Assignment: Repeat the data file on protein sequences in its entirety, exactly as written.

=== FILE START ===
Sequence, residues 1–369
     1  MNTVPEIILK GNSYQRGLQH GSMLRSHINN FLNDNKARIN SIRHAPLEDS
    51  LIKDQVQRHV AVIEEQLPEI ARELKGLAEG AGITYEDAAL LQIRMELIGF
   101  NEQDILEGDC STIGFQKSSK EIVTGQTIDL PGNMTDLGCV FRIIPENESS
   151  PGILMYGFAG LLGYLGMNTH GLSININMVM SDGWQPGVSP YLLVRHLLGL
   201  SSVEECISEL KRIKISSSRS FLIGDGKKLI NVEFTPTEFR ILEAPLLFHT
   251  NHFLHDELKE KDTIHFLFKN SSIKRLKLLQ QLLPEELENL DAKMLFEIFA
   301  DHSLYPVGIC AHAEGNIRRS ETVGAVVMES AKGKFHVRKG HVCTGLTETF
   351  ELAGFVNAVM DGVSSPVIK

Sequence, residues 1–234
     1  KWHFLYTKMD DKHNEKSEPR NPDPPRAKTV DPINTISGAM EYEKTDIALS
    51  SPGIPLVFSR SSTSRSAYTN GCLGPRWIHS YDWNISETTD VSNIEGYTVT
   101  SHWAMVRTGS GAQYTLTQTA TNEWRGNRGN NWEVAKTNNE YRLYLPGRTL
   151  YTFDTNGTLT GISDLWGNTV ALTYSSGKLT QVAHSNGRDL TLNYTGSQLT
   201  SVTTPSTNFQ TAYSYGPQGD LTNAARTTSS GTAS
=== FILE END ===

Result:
Sequence, residues 1–369
     1  MNTVPEIILK GNSYQRGLQH GSMLRSHINN FLNDNKARIN SIRHAPLEDS
    51  LIKDQVQRHV AVIEEQLPEI ARELKGLAEG AGITYEDAAL LQIRMELIGF
   101  NEQDILEGDC STIGFQKSSK EIVTGQTIDL PGNMTDLGCV FRIIPENESS
   151  PGILMYGFAG LLGYLGMNTH GLSININMVM SDGWQPGVSP YLLVRHLLGL
   201  SSVEECISEL KRIKISSSRS FLIGDGKKLI NVEFTPTEFR ILEAPLLFHT
   251  NHFLHDELKE KDTIHFLFKN SSIKRLKLLQ QLLPEELENL DAKMLFEIFA
   301  DHSLYPVGIC AHAEGNIRRS ETVGAVVMES AKGKFHVRKG HVCTGLTETF
   351  ELAGFVNAVM DGVSSPVIK

Sequence, residues 1–234
     1  KWHFLYTKMD DKHNEKSEPR NPDPPRAKTV DPINTISGAM EYEKTDIALS
    51  SPGIPLVFSR SSTSRSAYTN GCLGPRWIHS YDWNISETTD VSNIEGYTVT
   101  SHWAMVRTGS GAQYTLTQTA TNEWRGNRGN NWEVAKTNNE YRLYLPGRTL
   151  YTFDTNGTLT GISDLWGNTV ALTYSSGKLT QVAHSNGRDL TLNYTGSQLT
   201  SVTTPSTNFQ TAYSYGPQGD LTNAARTTSS GTAS